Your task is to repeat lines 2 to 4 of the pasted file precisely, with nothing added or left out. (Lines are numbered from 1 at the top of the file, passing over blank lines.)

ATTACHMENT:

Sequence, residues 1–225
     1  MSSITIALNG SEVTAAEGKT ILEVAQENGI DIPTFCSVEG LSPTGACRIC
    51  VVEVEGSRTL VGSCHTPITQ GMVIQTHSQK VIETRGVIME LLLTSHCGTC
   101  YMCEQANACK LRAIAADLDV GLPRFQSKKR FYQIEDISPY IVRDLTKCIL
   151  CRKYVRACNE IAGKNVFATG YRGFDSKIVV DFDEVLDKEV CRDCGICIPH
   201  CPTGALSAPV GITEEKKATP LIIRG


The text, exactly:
     1  MSSITIALNG SEVTAAEGKT ILEVAQENGI DIPTFCSVEG LSPTGACRIC
    51  VVEVEGSRTL VGSCHTPITQ GMVIQTHSQK VIETRGVIME LLLTSHCGTC
   101  YMCEQANACK LRAIAADLDV GLPRFQSKKR FYQIEDISPY IVRDLTKCIL